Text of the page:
Dairy is not consumed in the same quantities it can be in other places in the western world. However, the dairy is excellent. This means a little goes a long way. Many of Cretan dairy products – the excellent cheeses for instance – come from goat’s milk. The goats graze on the same wild herbs and greens that grace the tables.They are not given hormones, and hey spend their days under the strong Cretan sun. Of course, the milk these lucky, happy animals produce is not only more delicious, it is also more pure and healthful.
Cretan cheeses like graviera, myzythra, and pichtogalo serve as delightful meze and as a rich accent to dishes. They are so satisfying that they do not need to be consumed in great quantities.
Like the dairy, the eggs of Crete are simply more wholesome. They come from happier chickens, who eat much better feed. You can see this in their vivid orange yolks. A simple fried egg in Crete is really something to savor.
Of course, meat does play a role in the Cretan Diet, but never to excess. And, like all the other foodstuffs of the island, it is the quality of the meat that makes the difference. Goat is the meat of choice- lean, flavorful meat from animals that have foraged and grazed on healthy wild herbs and greens. This is not only healthier meat, but much more satisfying.
Fish and Seafood
The fresh fish that is the centerpiece of many festive tables is locally caught. It is full of omega-3 fatty acids and free of hormones and antibiotics that many commercially farmed fish can contain.
Octopus is another favorite, providing high quality lean protein, loaded with beneficial minerals.
Bread – the Staff of Life
Cretan bread is often made from excellent flour and, if you are fortunate, baked in a wood-burning oven for maximum flavor. A slice of this hearty bread, often with a whole grain component, goes a long way.
But even better than bread is the ever popular Cretan staple – paximadia. These twice-baked dry crisp rusks – very often of barley flour – are absolutely delicious. They are also packed with fiber and other nutritional benefits. Paximadia are essential to the Cretan diet, forming a delicious base for Dakos– topped with grated tomato and fresh goat cheese, they are healthier, heartier, and more delicious alternative to bruschetta. They also form a component of the classic cretan salad – a version of the Greek salad popular all over the country. But the Cretan version has rusks soaking up the juices of the tomatoes, substitutes fresh goat cheese for feta, and often includes nationally-packed and tangy wild purslane.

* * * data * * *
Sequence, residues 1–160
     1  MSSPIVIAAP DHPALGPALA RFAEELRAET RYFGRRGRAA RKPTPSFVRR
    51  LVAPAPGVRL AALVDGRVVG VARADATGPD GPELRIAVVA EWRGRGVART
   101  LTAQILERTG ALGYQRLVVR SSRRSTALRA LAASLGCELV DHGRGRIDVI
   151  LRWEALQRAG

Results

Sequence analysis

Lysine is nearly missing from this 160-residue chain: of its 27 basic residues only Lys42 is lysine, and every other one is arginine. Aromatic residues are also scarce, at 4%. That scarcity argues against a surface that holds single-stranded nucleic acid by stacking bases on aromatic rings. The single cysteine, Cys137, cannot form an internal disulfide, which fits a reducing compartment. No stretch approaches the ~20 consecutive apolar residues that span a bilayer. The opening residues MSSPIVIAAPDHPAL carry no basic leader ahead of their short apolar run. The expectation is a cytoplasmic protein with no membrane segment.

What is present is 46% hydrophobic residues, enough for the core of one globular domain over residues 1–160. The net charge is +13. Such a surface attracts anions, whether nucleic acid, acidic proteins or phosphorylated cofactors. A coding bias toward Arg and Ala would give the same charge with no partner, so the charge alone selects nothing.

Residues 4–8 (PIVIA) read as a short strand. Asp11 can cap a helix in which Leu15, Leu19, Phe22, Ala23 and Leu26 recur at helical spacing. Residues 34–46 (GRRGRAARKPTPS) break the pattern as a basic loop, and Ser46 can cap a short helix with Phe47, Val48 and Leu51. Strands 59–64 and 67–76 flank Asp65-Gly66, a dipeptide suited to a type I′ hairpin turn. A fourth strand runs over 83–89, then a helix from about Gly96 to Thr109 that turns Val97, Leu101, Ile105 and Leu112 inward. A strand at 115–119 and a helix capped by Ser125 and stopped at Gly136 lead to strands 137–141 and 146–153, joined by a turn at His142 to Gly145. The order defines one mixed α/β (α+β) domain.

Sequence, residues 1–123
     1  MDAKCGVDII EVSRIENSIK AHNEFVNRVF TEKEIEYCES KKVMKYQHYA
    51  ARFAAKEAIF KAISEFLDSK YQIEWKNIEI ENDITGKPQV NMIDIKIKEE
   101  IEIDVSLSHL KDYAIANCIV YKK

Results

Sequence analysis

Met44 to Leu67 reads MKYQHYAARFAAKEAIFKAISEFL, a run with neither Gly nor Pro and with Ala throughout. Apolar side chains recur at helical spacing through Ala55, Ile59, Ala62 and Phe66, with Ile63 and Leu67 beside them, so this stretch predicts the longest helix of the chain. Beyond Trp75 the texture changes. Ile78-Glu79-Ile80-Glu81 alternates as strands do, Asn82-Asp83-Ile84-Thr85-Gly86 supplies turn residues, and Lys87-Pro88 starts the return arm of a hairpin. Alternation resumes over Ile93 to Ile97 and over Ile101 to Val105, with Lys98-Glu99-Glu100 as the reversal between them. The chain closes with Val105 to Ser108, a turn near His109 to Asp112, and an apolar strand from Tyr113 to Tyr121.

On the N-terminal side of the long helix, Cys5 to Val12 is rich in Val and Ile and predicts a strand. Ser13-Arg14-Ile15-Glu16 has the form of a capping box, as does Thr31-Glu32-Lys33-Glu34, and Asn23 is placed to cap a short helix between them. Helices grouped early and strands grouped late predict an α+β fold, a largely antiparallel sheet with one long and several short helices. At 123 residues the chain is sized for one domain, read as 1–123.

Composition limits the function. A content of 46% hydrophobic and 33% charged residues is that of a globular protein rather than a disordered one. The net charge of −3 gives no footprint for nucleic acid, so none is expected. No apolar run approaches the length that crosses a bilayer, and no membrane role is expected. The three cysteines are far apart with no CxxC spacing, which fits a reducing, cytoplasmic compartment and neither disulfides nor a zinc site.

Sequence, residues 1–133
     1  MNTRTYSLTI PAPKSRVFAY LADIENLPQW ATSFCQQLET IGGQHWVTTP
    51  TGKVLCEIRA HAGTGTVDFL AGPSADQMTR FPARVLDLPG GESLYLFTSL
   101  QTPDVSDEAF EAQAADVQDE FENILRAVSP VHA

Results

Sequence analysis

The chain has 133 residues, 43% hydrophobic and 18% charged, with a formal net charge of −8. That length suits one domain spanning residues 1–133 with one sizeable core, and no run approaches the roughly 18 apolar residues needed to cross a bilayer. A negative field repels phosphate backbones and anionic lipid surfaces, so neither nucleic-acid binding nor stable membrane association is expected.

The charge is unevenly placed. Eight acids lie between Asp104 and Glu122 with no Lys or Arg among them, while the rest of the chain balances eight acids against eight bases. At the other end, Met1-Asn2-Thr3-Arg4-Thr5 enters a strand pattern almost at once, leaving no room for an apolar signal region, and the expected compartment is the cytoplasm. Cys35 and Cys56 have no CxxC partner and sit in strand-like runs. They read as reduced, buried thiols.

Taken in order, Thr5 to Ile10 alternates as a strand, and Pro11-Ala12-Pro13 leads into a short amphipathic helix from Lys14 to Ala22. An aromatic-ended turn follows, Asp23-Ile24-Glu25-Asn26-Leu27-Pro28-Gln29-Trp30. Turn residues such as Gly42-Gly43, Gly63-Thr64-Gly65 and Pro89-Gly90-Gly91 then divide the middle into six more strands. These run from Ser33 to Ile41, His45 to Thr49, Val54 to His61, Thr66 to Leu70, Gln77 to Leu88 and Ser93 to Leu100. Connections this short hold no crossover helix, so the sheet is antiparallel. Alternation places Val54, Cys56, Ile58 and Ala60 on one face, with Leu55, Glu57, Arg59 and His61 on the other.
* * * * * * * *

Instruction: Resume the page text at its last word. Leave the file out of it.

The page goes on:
No Greek table is complete without olives. Loaded with antioxidants and vitamin E, Crete’s classic olives have an added benefit- the favorite Cretan preparation is “tsakistes” (“smashed”) – steeped in lemon after being cured, for an added burst of both flavor and health.
Alcohol in moderation can be part of a healthful diet. On Crete, the wines are very often small batch wines made locally – delicious and pure. For spirits, Cretans prefer “Tsikoudia” – otherwise known as “Raki” – to commercial bottled hard liquors.
This distilled spirit of grape marc carried the flavor of the terrain to the glass, and it is famously pure. Go easy at first – it is strong and you may not have the experience the Cretans do with it. But a purer alcoholic drink is hard to find- it brings good cheer. Another Cretan secret to a healthier relationship with alcohol- they always, always have something to eat while they are drinking, from olives, but, and cheeses, to a whole selections of delectable “meze”.
Eat Like a Cretan
It’s not just the nutritional benefits of the first quality food products of Crete, but the role food plays in life. Even if we cannot forage for wild Greens at home, or make our own cheeses and enjoy oil from our own centuries-old trees, we can still shop locally, and support our farmers’ markets and other regional producers. We can also eat with style. For Cretans, the most important ingredient of a good meal is fellowship and lively conversation. Sharing food with family and friends is always a healthier, happier way to eat.
Discovering the delights of the Cretan diet, from the simple omelet at a village cafe you stop at on a mountain drive, to a fresh-caught fish at a remote seaside taverna, or even the local specialties at a village festival can be a highlight of your explorations of the island by car.